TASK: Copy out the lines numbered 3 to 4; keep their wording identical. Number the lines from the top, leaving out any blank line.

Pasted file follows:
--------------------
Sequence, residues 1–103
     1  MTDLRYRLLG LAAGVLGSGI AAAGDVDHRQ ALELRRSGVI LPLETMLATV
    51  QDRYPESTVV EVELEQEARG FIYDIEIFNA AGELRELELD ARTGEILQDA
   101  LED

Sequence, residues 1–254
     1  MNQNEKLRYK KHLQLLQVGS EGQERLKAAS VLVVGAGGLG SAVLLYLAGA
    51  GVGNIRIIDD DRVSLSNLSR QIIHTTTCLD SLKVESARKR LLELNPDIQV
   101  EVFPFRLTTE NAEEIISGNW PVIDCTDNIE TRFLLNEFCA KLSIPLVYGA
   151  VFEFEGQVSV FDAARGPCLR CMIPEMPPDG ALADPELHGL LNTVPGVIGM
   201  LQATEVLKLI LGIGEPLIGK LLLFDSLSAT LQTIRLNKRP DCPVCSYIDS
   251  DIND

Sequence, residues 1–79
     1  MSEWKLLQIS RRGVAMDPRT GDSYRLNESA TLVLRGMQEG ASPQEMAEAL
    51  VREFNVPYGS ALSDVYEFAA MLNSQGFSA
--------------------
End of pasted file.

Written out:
    51  QDRYPESTVV EVELEQEARG FIYDIEIFNA AGELRELELD ARTGEILQDA
   101  LED